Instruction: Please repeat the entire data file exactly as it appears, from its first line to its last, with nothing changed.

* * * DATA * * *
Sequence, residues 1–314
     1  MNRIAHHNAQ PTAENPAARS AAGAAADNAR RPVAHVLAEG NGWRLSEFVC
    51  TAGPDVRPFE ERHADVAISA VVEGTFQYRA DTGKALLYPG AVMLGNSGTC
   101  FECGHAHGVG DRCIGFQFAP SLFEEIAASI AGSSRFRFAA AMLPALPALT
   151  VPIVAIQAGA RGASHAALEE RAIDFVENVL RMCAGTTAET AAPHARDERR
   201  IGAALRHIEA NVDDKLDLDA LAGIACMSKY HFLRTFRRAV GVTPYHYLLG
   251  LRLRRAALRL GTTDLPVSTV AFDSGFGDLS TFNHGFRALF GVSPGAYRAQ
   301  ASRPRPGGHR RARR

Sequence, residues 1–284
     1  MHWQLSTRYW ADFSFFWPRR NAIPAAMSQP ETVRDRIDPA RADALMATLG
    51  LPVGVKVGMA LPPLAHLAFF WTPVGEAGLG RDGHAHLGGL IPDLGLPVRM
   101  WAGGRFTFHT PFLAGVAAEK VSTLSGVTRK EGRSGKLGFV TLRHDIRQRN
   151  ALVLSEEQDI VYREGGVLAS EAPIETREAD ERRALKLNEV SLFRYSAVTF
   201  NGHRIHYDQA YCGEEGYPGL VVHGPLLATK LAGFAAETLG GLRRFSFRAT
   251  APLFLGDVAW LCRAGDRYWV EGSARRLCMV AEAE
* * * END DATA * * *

Sequence, residues 1–314
     1  MNRIAHHNAQ PTAENPAARS AAGAAADNAR RPVAHVLAEG NGWRLSEFVC
    51  TAGPDVRPFE ERHADVAISA VVEGTFQYRA DTGKALLYPG AVMLGNSGTC
   101  FECGHAHGVG DRCIGFQFAP SLFEEIAASI AGSSRFRFAA AMLPALPALT
   151  VPIVAIQAGA RGASHAALEE RAIDFVENVL RMCAGTTAET AAPHARDERR
   201  IGAALRHIEA NVDDKLDLDA LAGIACMSKY HFLRTFRRAV GVTPYHYLLG
   251  LRLRRAALRL GTTDLPVSTV AFDSGFGDLS TFNHGFRALF GVSPGAYRAQ
   301  ASRPRPGGHR RARR

Sequence, residues 1–284
     1  MHWQLSTRYW ADFSFFWPRR NAIPAAMSQP ETVRDRIDPA RADALMATLG
    51  LPVGVKVGMA LPPLAHLAFF WTPVGEAGLG RDGHAHLGGL IPDLGLPVRM
   101  WAGGRFTFHT PFLAGVAAEK VSTLSGVTRK EGRSGKLGFV TLRHDIRQRN
   151  ALVLSEEQDI VYREGGVLAS EAPIETREAD ERRALKLNEV SLFRYSAVTF
   201  NGHRIHYDQA YCGEEGYPGL VVHGPLLATK LAGFAAETLG GLRRFSFRAT
   251  APLFLGDVAW LCRAGDRYWV EGSARRLCMV AEAE